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Object Creation From Class Name Not Working Within Namespace

- 1 answer

I'm creating a factory class in my project, where this class gets a Report Type as a string. This string has the name of the concrete class that implements a Report Interface.

The issue I'm having is that when I'm instantiating this class, I get a Class not found error.

Here follows the factory code.

namespace App\Term\Reports;

class Factory
{
    public static function build($type)
    {
        $obj = new CableBySensor();  // Works!

        // $type == 'CableBySensor'
        $obj2 = new $type;         // Class not found :(

        // ... validates if the class exists ...
        // ... and if it implements the Report Interface ...
        // ... throw exception if class doesn't exist or doesn't implements interface
        // ... then returns the corresponding object.
    }
}

Both methods are virtually the same thing.

First: Why do I have to specify the full qualified name of the class in the string to make it work? The class CableBySensor resides in the same namespace as Factory.

This started giving me trouble because I also want to validate that the class being instantiated implements a ReportsInterface.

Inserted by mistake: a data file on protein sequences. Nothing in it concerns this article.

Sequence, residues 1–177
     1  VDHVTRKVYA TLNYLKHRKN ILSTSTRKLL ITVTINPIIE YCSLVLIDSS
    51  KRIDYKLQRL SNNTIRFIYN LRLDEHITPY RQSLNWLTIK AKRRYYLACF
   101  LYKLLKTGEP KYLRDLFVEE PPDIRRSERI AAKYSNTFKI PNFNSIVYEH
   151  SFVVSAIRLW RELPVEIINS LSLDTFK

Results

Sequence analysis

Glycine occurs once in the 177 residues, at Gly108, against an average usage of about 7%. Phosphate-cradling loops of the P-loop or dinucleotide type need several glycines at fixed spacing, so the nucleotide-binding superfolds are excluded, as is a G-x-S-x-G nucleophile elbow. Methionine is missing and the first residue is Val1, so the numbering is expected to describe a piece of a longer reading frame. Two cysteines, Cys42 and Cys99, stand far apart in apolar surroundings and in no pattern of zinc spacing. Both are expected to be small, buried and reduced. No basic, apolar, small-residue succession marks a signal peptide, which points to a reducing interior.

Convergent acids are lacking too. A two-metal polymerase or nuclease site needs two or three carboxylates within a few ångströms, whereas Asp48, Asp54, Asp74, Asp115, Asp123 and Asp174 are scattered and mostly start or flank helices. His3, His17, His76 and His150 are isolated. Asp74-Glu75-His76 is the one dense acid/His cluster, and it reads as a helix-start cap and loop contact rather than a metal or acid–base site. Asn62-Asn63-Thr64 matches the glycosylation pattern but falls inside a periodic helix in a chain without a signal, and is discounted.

Second: How do I overcome this? Should I call the factory like this $myReport = Factory::build('App\Term\Reports\' . $className); or should I use the __NAMESPACE__ constant inside the Factory class such as this: $obj = new __NAMESPACE__ . '\' . $className?

Thank you.

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Answer

Indifferently whether the factory approach is useful here or not, the problem is with trying to instantiate from a dynamic variable.

Or as akhoondi at php.net pointed out:

One must note that when using a dynamic class name [...] the "current namespace" [...] is global namespace.

There are possibly 3 solutions:

  • pass the fully qualified class name to your factory method (arghh...)

    $instance = Factory::build('Acme\CableBySensor');
    
  • Or, do a check in your build method and prefix the namespace if necessary (as suggested here) (sounds not so fool proof to me)

    public static function build($type)
    {
        if ($type[0] !== '\\') {
            $type = '\\' . __NAMESPACE__ . '\\' . $type;
        }
        $obj = new $type;
        ...
    }
    
  • Or, if you have PHP 5.5+ why not use class name resolution via ::class? Personally, I would go for that one whenever possible:

    $instance = Factory::build(CableBySensor::class);
    
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source: stackoverflow.com
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